In Kesa Kudoku Dogen writes the following:

This being so, we should make [the ka??ya] properly, according to the method
for making the ka??yathat has been authentically transmitted by the Buddhist
patriarchs. This alone is the authentic tradition, and so it has long been expe-
rienced and recognized by all common and sacred beings, human beings and
gods, and dragons and spirits. Having been born to meet the spread of this
Dharma, if we cover our body with the ka??yaonly once, receiving it and
retaining it for just a k???aor a muh?rta,31that [experience] will surely serve
as a talisman to protect us32in the realization of the supreme state of bodhi.
When we dye the body and mind with a single phrase or a single verse, it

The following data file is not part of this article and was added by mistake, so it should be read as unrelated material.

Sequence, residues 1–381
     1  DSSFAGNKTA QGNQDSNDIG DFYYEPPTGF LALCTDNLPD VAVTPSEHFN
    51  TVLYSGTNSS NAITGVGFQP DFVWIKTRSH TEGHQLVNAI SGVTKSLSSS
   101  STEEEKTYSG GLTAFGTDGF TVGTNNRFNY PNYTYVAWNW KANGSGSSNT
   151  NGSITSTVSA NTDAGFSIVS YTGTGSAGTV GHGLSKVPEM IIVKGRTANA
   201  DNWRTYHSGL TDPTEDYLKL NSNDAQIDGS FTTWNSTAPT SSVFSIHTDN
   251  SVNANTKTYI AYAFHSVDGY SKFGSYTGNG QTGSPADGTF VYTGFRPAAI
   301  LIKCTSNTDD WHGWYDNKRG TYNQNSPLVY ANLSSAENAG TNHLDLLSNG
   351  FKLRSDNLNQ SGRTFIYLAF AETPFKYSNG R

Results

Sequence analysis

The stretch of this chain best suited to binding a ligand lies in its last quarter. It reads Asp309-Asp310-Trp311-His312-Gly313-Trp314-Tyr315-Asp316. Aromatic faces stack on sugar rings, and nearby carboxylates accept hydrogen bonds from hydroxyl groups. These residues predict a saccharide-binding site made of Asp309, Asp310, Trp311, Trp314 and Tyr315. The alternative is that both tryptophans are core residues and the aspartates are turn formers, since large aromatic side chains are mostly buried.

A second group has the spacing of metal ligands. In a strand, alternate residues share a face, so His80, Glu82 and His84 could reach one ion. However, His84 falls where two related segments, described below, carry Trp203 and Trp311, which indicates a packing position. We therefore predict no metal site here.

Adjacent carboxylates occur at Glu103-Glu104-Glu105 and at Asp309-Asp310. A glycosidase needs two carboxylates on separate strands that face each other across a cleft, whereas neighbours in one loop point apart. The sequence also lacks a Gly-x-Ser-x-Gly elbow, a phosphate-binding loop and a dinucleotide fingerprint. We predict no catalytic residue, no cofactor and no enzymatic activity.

becomes a seed of everlasting brightness which ?nally leads us to the supreme
state of bodhi.When we dye the body and mind with one real dharma or one
good deed, it may be also like this. Mental images arise and vanish instanta-
neously; they are without an abode. The physical body also arises and van-
ishes instantaneously; it too is without an abode. Nevertheless, the merit that
we practice always has its time of ripening and shedding. The ka??ya,simi-
larly, is beyond elaboration and beyond non-elaboration, it is beyond having
an abode and beyond having no abode: it is that which “buddhas alone, together
with buddhas, perfectly realize.”(Nishijima Cross)
Let's see what is the kesa made of. Rags. Just rags.

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